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Mar 17, 2007 02:29 PM

Ice wines?

Can you suggest a decent priced ice wine? and a wine store in and around NYC that has a nice selection? Thanks Cheers!

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  1. There's very little in the way of cheap eiswein these days - but if you're into sweet, fruity, full-bodied dessert wines, try a Hungarian Tokaji - a 4-6 puttonyos aszu will be as sweet and tasty as most riesling eisweins. They are not frozen, but are botrytised, like sauternes. Eisweins typically become botrytised after freezing, which gives them the high sugar content. There are also drier Tokaji region wines - some are like drinking a decent Riesling Trokenberenauslese. The Hungarians are cheaper than German wines, in general. I don't know much about American/Canadian eisweins, but the ones I've seen are also more expensive.

    1 Reply
    1. re: applehome

      Actually, the cold, that causes the grapes to freeze on the vine, does not usually allow for the formation of Botrytis Cinerea. Instead, the result is simple physics - sublimation. The water in the grapes freezes (solid) and then evaporates, without ever going back to a liquid state. Yes, there are similarities in the resulting wines, but there is almost never "Nobel Rot" in an Eisewein/Icewine.

      In GR, the grapes affected with Botrytis Cinerea are hand-picked and pressed into Trokenbeerenauslese (dry selected berries), while grapes affected by a frost, adequate to dessicate the grape, is hand-picked and pressed into Eisewein. There are some similarities, but I find more differences between the two.


    2. Suggest you go for a Canadian ice wine. Inniskillin is a good choice, but expensive. Jackson-Triggs is usually less expensive. Any decent wine store in the city should carry both.

      1. I agree with the Canadian suggestion. Inniskillin has a great Ice Riesling that I can personally vouch for. Delicious!

        1. The very method of producing a true eiswein means that they will be expensive. That said, true Canadian ice wines will be less costly than a German eiswein of equivalent quality. I concur that Inniskillin and/or Jackson-Triggs is a good way to go.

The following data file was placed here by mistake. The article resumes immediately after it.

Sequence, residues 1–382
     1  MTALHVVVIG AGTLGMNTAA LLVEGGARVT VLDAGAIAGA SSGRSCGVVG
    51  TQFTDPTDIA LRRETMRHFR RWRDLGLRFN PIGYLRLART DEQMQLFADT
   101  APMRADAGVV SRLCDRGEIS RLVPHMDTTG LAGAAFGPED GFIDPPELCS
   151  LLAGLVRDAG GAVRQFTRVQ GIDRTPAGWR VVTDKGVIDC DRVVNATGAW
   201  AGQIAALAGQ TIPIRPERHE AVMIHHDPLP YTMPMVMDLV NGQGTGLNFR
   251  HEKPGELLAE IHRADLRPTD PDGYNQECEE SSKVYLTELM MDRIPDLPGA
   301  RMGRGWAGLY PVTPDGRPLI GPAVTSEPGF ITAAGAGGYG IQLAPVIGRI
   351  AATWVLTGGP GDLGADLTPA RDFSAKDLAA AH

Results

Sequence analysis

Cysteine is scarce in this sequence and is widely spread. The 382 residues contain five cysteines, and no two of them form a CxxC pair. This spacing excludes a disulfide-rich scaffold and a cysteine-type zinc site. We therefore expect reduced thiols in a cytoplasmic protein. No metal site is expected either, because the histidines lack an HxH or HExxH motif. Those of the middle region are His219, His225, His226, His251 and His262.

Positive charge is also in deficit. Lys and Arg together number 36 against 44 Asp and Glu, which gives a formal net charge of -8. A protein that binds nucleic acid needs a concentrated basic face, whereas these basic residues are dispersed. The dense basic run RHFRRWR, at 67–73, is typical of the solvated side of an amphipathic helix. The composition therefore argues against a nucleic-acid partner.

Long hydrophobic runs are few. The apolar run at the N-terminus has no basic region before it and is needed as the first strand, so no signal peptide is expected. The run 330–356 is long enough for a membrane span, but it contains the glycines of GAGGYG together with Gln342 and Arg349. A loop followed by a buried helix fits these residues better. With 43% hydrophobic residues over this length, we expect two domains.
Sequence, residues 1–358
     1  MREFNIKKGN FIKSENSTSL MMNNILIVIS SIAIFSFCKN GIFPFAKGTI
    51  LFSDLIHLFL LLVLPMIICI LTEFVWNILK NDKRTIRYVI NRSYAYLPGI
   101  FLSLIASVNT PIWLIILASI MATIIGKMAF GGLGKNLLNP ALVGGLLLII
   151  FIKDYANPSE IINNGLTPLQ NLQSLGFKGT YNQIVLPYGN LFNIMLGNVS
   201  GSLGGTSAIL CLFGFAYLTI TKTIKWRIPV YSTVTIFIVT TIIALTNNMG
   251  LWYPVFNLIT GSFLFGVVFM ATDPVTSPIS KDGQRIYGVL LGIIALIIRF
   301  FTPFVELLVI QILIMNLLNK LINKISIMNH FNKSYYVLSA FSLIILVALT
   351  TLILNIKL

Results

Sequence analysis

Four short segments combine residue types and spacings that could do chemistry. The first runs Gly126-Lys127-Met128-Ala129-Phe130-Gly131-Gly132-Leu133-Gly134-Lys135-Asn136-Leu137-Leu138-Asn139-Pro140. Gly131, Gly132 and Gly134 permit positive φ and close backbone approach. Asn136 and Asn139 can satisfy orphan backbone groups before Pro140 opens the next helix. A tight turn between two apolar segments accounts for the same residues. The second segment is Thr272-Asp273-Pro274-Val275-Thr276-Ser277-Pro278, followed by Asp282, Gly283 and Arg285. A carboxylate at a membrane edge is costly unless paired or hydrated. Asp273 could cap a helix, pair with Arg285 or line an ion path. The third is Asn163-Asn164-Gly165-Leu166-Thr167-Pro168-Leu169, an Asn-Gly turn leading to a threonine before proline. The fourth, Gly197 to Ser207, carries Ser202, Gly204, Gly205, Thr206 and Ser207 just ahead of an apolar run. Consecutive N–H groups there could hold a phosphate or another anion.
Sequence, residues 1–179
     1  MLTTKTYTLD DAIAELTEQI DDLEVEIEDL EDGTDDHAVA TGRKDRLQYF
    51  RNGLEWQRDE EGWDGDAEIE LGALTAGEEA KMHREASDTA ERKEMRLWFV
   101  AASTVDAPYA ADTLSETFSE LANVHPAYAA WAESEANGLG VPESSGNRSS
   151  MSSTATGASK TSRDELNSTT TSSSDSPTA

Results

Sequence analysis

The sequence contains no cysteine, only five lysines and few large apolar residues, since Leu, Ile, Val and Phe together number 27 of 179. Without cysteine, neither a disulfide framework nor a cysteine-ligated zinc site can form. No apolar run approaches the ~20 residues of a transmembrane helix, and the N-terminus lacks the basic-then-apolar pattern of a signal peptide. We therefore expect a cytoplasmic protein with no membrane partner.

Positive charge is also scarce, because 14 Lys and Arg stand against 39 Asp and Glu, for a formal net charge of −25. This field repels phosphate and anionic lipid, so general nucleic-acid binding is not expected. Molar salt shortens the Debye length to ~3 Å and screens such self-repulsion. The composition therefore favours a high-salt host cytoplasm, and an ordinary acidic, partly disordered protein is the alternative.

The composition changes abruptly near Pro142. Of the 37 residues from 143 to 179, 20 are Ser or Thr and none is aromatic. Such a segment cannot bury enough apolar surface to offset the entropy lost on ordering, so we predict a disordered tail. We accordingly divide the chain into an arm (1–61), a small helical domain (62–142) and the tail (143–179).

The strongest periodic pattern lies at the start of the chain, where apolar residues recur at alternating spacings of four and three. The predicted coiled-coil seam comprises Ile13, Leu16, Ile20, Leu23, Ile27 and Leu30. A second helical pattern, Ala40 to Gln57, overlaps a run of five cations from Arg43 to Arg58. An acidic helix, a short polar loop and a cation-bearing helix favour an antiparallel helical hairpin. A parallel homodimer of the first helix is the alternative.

For a lower end option, you can always opt for the "fake" ice wine -- Bonny Doon makes a Muscat Vin de Glacière, made from grapes that were frozen AFTER harvest.

          1. Dexheimer Doktor Silvaner Eiswein
            Duerkheimer Fronhof - Scheurebe Trockenbeerenauslese
            I haven't tried but, maybe these will suit you
            Out here in S. California (!) Yep, there are harvesters who capped on our heavy frost that settled back in January/February. Probably the only growers that did, as the frost killed much of the citrus and avocado orchards. Call around and do some investigating because I know it was on the news about the "new ice wine" craze/excitment. Try these places too:
            Laguna Canyon Wines Santa Barbara// - 001 Sauvignon Blanc Late Harvest Ice Wine
            Good Luck :)KQ

            3 Replies
            1. re: Kitchen Queen

              Dang, even though we were out there, just as the freezes abated, I had forgotten about this event, and had not thought of the possible implications. The thought of maybe having a real Californian Icewine intrigues me. I have a "thing" for Icewine/Eisewein, and will have to look for/inquire of my normal suspects, if they did one. Thanks for the memory jog.

              As has been mentioned already, Randall Grahm (Bonny Doon), has done a lot of different "cryo-icewines." At one time, his portfolio of such wines was extensive, and the wines were good, though lacking in authenticity. Lately, I have only seen a few varietals from Bonny Doon.


              1. re: Kitchen Queen

                The Laguna Canyon Late Harvest Sauvignon Blanc appears to be an ice wine only in that the juice was 'frozen for three years' to carmelize the flavors (I alwaysthoughtthat freezing suspended changes in things), and some of the fruit was botrytised. Not an authentic method I don't think......but if it tastes good.....

                1. re: Midlife

                  Midlife -

                  You may be right. When reported on our local news about "icewines", technically, to be a true ice wine, my understanding is that the grapes must be frozen (by weather) kept frozen and squeezed while frozen, then processed to assure the transfer of the sugars. I'm sure there's plenty of pseudos comin' round as a result of the latest freeze and trying to pass themselves as authentic...So. Cal stigma sorry to say, (trying to pass as authentic) guess the vintners have picked up on the idea too.....(ha ha) :)KQ